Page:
I am trying to start a thesis in which I study the receptor binding
properties of the insecticidal protein from Bacillus thuringiensis (Bt).
One assay for Bt toxicity is to measure increases in amino acid
premeability of midgut brush border membrane vesicles from susceptible
insects (Bt acts by binding and inserting into the cell membrane of
midgut epithelial cells, forming pores, and killing the cells by osmotic
lysis . . . or that is a good-enough description).
An alternative assay for Bt toxicity is to prepare brush border membrane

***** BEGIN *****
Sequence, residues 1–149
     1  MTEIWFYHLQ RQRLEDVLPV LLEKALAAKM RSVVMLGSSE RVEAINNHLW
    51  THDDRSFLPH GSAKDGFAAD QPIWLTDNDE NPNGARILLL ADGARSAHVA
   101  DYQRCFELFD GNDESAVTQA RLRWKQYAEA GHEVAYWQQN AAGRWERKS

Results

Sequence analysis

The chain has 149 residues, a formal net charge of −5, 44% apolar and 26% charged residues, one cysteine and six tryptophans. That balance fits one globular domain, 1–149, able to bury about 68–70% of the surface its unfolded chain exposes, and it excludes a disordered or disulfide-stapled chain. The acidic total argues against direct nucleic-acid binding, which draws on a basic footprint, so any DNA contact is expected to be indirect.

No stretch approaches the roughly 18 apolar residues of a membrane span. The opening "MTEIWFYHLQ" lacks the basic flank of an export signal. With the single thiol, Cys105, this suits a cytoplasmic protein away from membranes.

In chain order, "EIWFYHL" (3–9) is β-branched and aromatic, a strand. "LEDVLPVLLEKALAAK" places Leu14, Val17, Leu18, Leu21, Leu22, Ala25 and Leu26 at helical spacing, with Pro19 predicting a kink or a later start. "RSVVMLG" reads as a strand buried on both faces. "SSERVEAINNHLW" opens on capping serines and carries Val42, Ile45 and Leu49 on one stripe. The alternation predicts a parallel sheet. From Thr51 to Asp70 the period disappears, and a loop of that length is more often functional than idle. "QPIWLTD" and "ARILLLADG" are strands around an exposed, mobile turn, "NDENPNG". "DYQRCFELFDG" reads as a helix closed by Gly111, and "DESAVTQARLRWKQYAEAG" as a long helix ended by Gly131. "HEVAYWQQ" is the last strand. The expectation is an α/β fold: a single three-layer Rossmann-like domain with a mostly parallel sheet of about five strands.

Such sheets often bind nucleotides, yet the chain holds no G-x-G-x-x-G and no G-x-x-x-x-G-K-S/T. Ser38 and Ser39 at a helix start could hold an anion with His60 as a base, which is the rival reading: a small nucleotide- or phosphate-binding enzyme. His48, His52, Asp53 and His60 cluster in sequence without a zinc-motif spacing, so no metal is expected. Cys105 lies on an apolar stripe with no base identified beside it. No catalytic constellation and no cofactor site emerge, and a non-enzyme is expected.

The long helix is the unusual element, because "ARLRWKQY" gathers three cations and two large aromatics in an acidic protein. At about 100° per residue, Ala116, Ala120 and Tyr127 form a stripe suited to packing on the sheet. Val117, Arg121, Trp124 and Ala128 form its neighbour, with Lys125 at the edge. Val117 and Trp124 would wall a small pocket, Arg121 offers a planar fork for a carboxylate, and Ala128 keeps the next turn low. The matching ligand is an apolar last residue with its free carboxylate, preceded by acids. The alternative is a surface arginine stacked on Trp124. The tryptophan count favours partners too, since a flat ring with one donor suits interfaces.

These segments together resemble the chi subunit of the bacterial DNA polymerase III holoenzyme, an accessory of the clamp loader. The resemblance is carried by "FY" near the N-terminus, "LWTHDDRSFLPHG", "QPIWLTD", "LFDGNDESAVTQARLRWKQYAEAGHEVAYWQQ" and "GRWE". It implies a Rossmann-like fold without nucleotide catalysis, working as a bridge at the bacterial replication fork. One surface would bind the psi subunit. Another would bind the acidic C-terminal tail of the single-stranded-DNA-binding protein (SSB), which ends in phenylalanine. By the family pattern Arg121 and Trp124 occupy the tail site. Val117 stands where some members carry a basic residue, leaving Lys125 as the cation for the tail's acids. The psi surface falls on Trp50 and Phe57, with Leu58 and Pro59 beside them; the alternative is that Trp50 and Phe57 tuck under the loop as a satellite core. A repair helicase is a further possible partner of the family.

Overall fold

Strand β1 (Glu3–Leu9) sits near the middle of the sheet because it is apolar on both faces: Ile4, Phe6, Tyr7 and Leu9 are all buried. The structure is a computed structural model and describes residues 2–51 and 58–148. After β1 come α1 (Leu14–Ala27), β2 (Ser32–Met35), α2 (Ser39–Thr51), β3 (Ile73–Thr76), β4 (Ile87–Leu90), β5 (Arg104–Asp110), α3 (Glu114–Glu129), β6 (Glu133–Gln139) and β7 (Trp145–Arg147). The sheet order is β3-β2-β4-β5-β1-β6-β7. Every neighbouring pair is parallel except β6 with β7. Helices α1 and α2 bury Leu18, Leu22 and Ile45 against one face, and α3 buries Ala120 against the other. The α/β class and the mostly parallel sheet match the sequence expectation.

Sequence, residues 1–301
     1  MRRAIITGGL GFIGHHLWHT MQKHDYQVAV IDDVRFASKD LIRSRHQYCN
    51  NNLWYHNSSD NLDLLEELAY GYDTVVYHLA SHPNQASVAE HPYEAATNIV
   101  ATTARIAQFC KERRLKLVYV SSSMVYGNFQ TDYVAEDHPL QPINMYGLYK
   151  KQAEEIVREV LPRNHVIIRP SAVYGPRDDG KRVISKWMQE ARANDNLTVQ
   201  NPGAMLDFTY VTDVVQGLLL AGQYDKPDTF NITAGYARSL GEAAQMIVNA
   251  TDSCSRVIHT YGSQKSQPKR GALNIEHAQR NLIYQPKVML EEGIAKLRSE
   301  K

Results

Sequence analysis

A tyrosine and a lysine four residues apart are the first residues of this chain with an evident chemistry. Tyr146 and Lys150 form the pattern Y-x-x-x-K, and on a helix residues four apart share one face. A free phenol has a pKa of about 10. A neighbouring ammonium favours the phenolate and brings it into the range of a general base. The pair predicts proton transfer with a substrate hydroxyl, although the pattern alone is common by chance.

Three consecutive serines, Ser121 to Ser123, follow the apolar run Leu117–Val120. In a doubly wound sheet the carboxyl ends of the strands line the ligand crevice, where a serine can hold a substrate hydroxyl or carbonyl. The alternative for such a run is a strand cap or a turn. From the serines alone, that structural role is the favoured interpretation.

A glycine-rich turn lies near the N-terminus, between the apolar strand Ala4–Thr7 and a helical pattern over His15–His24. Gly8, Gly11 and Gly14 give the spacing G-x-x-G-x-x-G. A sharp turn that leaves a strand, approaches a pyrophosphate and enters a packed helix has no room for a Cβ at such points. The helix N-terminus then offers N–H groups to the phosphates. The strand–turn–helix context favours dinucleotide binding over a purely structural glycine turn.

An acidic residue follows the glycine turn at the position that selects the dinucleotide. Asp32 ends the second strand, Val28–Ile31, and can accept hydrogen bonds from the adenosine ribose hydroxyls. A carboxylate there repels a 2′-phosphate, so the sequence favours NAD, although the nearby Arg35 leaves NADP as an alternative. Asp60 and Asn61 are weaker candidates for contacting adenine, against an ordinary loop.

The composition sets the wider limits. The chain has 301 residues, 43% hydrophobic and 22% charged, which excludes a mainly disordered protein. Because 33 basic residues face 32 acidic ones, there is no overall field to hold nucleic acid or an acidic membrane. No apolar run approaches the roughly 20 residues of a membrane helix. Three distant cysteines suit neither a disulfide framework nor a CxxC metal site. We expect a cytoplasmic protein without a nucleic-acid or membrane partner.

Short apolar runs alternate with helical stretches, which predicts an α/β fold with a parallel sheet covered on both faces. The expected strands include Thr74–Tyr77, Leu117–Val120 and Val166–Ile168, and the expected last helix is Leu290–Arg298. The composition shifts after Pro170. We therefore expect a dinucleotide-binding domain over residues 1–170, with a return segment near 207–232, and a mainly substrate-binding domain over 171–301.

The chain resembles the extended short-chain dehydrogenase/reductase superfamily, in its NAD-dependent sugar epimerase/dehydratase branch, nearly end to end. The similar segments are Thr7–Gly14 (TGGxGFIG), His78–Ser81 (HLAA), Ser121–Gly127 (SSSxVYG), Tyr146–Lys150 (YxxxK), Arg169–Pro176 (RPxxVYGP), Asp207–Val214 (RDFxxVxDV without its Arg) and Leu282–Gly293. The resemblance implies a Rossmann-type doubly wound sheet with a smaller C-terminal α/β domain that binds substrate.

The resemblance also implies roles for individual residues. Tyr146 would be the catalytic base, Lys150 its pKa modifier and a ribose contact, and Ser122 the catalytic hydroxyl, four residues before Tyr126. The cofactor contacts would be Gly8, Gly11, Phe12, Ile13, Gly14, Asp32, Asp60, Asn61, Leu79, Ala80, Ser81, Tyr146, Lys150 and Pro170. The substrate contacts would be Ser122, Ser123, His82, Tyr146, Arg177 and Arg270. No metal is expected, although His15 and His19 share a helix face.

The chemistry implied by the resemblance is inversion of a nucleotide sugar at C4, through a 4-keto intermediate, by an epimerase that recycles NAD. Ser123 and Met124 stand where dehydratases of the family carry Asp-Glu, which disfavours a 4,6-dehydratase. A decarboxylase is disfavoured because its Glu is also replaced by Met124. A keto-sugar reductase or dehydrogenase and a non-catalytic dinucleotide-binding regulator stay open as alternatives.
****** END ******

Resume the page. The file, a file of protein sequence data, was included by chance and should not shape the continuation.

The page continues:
vesicles and shrink them by placing them into hyperosmotic solutions.
After osmotic shrinkage, vesicles that have been permeabilized by Bt
activity will re-swell as pores are formed.
This change in vesicle volume is measured by 90 degree light scattering.
A nicer way to do the job compared to measuring leakage of [3H]-amino acids.
My question is:
I don't really have access to equipment for 90 degree light scattering.
Is there some other way to detect changes in vesicle volume?
Also, it would be nice to be able to physically separate re-swelled
(re-swollen?) vesicles from those that are not permeabilized. Is there a
change in density/sedimentation that I could use to advantage from this
kind of treatment?
I know these questions are a bit vague. . . I ask because I do not know :)
dkim at verdi.nmsu.edu